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Published On: Mon, Sep 1st, 2014

SOUTHBANK CENTRE TO COME ALIVE WITH VISUAL ARTS AND DESIGN FOR AFRICA UTOPIA FESTIVAL

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Following 2012’s first edition, Africa Utopia is back this month; to look at what can be learnt and celebrated from Africa and the African Diaspora. Taking place from September 11 – 14, the festival looks at how African art and ideas can change the world for the better and how Africa can lead the way in thinking about culture, community, technology, fashion, sustainability and ethical wealth creation.

Southbank Centre will come alive with video, wall works, photography and design collaborations encompassing a range of practices from craft to digital. Highlights include a digital slideshow projected onto the exterior of Royal Festival Hall consisting of 30 extraordinary photographs from the Hulton Archive of The African Native Choir who toured Britain in 1891-93, including individual portraits of the 16 performers from South Africa, which have never been seen before.  The projection at Africa Utopia is the first in a series of image projection campaigns presented by Autograph ABP as part of their ongoing research project The Missing Chapter, and current The Black Chronicles exhibition, curated by Renée Mussai and Mark Sealy.

Other works across the site will include ‘It Takes A Village’ by Mary Evans; a new wall based installation featuring life-size craft paper figures pasted to the wall in an imagined psychological and geographical space in the Queen Elizabeth Hall. Meanwhile, London-based designer Yemi Awosile will present an interactive display of textiles that gives form to the material properties of sound featuring a soundscape by Lagos-based artist Emeka Ogboh.

There will also be a group show of video pieces and sonic experiments by emerging artists working in Africa and the Diaspora by artists from across the Globe conceived and curated by Conceived and developed by Christine Eyene, curator and Guild Research Fellow in Contemporary Art, University of Central Lancashire. A special exhibition for Africa Utopia, the project draws on the notion of Utopia as a concept allowing the reinvention of African experiences, memories  and narratives both from an individual and collective perspective.

The art of upcycling furniture meets the art of Nigerian parables in an Africa Utopia workshop with Yinka Ilori. Over six hours, how to mesh African fabrics, accessories and postcards with vintage European modernist furniture. Workshops will be accompanied by African-curated DJ sets and a Nigerian ‘talking drum’. There will also be free drop in workshops with Heath Nash, where you can create your own recycled plastic artwork to take home.

Southbank Centre have also commissioned designer Pierre-Christophe Gam, founder of Afro-Polis to create a site-wide graphic identity for Africa Utopia, that will bring to life and visually identify the various spaces where the festival’s talks and events are taking place. The design will create impact and ambience for visitors to the festival and will provide a visually striking, bold and contemporary backdrop for a variety of events.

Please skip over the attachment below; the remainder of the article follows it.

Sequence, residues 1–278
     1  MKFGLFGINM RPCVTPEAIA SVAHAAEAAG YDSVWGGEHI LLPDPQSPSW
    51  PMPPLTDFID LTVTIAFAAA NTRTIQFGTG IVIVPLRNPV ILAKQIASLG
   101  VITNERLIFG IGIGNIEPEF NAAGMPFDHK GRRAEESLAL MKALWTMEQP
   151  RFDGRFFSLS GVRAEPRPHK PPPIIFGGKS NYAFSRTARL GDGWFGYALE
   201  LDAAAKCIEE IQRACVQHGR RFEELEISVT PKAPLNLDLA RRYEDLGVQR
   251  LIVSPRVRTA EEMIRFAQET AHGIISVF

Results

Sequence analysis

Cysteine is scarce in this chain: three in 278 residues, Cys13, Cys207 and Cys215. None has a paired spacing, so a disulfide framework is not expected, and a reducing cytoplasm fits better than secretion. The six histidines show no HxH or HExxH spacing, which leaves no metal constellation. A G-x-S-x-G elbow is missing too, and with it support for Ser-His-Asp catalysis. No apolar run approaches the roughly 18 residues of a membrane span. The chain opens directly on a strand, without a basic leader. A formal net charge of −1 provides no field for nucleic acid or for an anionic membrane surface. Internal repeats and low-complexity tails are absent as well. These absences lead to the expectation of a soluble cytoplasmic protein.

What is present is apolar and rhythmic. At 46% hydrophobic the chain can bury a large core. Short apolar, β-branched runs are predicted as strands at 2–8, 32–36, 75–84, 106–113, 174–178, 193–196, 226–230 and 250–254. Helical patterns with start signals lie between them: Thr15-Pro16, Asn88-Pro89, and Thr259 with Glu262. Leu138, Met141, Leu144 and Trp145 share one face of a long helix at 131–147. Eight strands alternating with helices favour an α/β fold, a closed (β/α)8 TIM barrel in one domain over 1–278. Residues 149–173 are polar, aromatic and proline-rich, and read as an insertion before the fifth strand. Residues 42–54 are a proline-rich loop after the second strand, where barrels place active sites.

Visual artists, curators and designers will also be part of the Africa Utopia talks and debates series. Pierre-Christophe will chair ‘Afropolis – New African Aesthetic’ on Sunday 14 September. Renée Mussai from Autograph chairs ‘Re-Imagining Africa’ on Sunday 14 September and artist Mary Evans is on the panel for this discussion. There will also be a discussion on Africa’s urban design story on Sunday 14 September.  With a general focus on Zimbabwe, Ghana, Nigeria, Algeria and Angola, Charlotte Khatso, a freelance design architect, Paulo Moreira, an architectural researcher and architect, and former Director of the Society of Black Architects Elsie Owusu OBE bring their experiences and points of view to a casual conversation about Africa’s urban spaces and the interconnecting influences of culture, gender, memory and historical and environmental sensitivity. The discussion will be chaired by journalist Nana Ocran.

For more information visit www.southbankcentre.co.uk/africautopia

For Africa Utopia press information please contact:

Nicola Jeffs, Press Manager

Nicola.Jeffs@southbankcentre.co.uk / 020 7921 0676

Hugo Mintz. Press Officer

Hugo.mintz@southbankcentre.co.uk / 020 7921 0917

 

FURTHER INFORMATION AND TIMES FOR EACH PROJECT:

 

THE BLACK CHRONICLES PROJECTION

Royal Festival Hall Exterior, Mandela Walkway

11 – 14 September – 19:00pm – 23:00pm each night

This digital slideshow projected onto the exterior of Royal Festival Hall consists of 30 extraordinary photographs from the Hulton Archive of The African Native Choir, who toured Britain in 1891-93. The photographs were taken by the London Stereoscopic Company studios at the end of the 19th century. They include individual portraits of the 16 performers from South Africa, which have never been seen before. The projection at Africa Utopia is the first in a series of image projection campaigns presented by Autograph ABP as part of their ongoing research project The Missing Chapter, and current The Black Chronicles exhibition, curated by Renée Mussai and Mark Sealy. A selection of photographs is also on display in the foyer of Royal Festival Hall.  Autograph ABP is a charity that works internationally in photography, film, cultural identity, race, representation and human rights. Supported by the Heritage Lottery Fund.

 

DIGITAL AFRICA: THE FUTURE IS NOW

Level 2 Foyers at Royal Festival Hall

11 – 14 September throughout the weekend, 10am – 11pm